TV Watch: With all those horrible zombie noises exploding, can anyone tell whether the new "Odd Couple" is funny?
I thought I was more or less keeping track, but I missed it -- I mean, the pilot-premiere of the new TV Odd Couple. After all, you can't set your DVR before the week of the show, so if you miss the week of, then you can't set your DVR, right? So anyhow I did watch this week's episode, more or less, and after watching it, or trying to, I still don't know -- was it funny at all?
I think maybe it could have been. Thomas Lennon and Matthew Perry and seem plausibly enough cast as sloppy sportswriter Oscar Madison and nutjob-fastidious Felix Unger, who's still a photographer, as in the first TV Odd Couple series; as anyone who's seen the great film adaptation of Neil Simon's original play, written by the playwright and directed by Gene Saks, remembers from the great "date" scene with the Pigeon sisters, one of the girls asks Felix where he gets his ideas after he tells them, "I write the news for CBS."
Okay, so far Lennon is overacting and Perry is underacting, or perhaps overdoing something-other-than-acting, which involves deliving lines like a line-delivering machine while staring straight at the person he's not-talking to, as if he'd never acted before. All perfectly workable: Oscar has been given some potentially usable cronies: Wendell Pierce as his agent, Yvette Nicole Brown as his assistant, Dave Foley as . . . well, his lazy 'n' chubby chum. There's also a weird girl who comes from I-don't-know-where, since I missed the pilot, played by Lindsay Sloane, who I guess is supposed to be antically amusing.
And maybe she is. Amusing, I mean. This is what I can't tell. Because, as you may sort-of-notice in the clip above, where it's not nearly as bad as it is in the actual show, every time one of the actors delivers a "gag," as soon as the last syllable is completed there arises this horrible noise, which makes it impossible, for me at least, to actually register what the actor just said, and therefore makes it impossible for me to guess whether it might have been amusing if I had actually been able to hear it. When the so-called gags are closely spaced, this hideous racket keeps thundering away at the innocent viewer until one wishes it would just stop.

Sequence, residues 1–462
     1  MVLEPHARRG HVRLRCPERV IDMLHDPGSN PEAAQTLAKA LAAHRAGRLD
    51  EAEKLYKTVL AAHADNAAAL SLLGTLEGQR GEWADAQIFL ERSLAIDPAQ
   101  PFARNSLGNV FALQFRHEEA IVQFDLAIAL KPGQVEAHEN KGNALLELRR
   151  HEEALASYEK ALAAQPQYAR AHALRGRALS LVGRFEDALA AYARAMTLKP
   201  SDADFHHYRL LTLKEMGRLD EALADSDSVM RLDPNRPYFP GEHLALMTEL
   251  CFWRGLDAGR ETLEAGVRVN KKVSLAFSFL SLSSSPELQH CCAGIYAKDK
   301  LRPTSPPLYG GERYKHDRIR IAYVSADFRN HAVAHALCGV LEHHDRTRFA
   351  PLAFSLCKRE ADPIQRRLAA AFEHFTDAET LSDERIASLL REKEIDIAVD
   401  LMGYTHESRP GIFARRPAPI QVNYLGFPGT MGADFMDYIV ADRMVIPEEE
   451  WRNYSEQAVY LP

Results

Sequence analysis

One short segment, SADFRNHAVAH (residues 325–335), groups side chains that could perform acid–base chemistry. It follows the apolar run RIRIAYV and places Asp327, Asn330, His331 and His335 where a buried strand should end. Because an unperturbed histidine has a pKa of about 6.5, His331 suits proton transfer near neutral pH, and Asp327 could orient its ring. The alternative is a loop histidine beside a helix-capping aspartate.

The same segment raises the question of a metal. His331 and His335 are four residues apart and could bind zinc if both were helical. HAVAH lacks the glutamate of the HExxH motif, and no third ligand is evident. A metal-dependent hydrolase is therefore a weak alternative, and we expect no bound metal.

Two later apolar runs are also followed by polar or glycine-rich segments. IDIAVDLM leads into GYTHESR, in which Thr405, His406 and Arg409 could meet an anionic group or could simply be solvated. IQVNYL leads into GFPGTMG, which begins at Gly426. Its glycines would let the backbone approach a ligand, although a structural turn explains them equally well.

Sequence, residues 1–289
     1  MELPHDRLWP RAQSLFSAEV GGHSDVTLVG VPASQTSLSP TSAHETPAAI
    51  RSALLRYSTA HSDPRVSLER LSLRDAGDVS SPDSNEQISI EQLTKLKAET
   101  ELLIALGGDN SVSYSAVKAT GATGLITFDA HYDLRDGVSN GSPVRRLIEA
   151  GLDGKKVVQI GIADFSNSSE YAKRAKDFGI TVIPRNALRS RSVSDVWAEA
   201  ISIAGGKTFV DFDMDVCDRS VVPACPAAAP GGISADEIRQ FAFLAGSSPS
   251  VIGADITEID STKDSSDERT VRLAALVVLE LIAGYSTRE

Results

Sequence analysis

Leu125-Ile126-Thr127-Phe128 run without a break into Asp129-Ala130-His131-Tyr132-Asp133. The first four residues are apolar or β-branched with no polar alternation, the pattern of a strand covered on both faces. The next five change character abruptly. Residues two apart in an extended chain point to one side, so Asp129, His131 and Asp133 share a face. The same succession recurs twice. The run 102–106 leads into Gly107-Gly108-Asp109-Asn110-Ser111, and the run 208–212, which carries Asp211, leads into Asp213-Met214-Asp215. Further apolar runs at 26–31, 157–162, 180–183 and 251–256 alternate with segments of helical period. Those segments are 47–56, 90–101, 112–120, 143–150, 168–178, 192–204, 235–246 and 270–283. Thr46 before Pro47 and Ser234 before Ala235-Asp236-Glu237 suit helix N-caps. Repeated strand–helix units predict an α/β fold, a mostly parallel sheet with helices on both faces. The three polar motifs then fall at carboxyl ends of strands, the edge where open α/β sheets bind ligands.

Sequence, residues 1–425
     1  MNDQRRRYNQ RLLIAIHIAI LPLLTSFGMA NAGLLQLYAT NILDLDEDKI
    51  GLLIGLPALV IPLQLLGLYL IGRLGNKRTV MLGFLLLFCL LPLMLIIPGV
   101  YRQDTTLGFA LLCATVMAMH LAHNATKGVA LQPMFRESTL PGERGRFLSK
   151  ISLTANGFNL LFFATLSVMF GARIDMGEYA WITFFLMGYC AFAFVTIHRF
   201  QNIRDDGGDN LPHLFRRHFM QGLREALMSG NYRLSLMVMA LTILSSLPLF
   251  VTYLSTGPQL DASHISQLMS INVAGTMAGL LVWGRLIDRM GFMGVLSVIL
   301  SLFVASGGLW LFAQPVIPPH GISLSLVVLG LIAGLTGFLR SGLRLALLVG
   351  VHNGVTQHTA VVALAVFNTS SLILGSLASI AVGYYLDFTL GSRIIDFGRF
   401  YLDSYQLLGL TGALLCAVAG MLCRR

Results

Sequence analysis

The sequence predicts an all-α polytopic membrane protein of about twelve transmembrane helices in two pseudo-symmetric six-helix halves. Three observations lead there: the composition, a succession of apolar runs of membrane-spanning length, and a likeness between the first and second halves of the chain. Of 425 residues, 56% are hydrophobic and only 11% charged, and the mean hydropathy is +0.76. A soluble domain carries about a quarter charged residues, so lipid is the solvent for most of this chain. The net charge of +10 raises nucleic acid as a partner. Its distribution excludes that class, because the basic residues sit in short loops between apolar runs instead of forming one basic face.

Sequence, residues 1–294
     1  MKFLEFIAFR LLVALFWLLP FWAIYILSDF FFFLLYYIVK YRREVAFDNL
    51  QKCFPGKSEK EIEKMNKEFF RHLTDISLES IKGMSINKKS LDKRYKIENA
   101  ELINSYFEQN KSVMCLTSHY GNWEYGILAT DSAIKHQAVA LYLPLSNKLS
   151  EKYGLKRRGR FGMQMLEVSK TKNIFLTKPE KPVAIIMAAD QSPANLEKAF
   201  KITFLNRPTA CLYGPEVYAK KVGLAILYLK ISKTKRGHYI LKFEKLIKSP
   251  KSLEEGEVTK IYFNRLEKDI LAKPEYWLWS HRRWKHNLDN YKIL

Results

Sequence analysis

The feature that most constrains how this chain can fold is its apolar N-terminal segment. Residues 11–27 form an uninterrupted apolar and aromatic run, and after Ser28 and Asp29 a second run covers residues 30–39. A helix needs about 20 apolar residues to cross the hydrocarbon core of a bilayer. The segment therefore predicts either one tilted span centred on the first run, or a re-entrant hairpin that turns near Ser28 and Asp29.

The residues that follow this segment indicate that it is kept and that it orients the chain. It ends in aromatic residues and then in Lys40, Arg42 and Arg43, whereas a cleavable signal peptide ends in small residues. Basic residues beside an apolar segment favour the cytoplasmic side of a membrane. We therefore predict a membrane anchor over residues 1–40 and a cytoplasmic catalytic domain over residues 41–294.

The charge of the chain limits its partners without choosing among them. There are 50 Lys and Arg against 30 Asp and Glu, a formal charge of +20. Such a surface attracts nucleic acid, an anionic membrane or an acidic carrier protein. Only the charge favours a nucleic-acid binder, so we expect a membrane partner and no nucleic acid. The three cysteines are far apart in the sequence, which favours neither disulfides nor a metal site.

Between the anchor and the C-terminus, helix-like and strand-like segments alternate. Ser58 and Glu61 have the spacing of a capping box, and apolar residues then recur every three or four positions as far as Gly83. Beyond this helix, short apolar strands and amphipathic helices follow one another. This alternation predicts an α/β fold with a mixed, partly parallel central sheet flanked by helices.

Yes, once upon a TV time Oscar (Jack Klugman) and Felix (Tony Randall) played Password, with the real Allen Ludden.
It's been a long time since I saw an episode of the first TV Odd Couple, but between its original network run and years of saturation syndication, I once watched those episodes a lot, and I don't remember them being anything like this. My recollection is that that cast -- Jack Klugman as Oscar, Tony Randall as Felix, Al Molinaro as their friend Murray the cop, Penny Marshall as Oscar's hapless assistant Myrna Turner (and even, occasionally, her then-husband Rob Reiner as Myrna's boyfriend Werner) -- had to earn their laughs (and I mean from viewers, not from whatever professional laughers there may have been on the noise track), as of course had been the case with the great stage and screen Oscar (Walter Matthau) and Felixes (Art Carney and Jack Lemmon). (Okay, eventually there was an Odd Couple II, with Matthau and Lemmon, and written by Neil Simon, and it seemed to demonstrate why Simon hadn't wanted to revisit his great creation. But surely this isn't a standard to which anyone is aspiring?)
Once upon a time we used to hear about the great artistry involved in laugh-trackery -- having a wide range of kinds of laughs available, understanding that people hardly ever cackle in unison but respond differently to different kinds of humor, and sometimes respond singly or in small groups, and at different lengths with different intensities. Oh, the laugh tracks that resulted were ghastly, and made every show they were applied to seem horribly unfunny, but at least you appreciated the effort. Now it's just those more or less unvarying explosions of sounds seemingly made by very loud zombies declaring their miraculous return from the presumed-dead.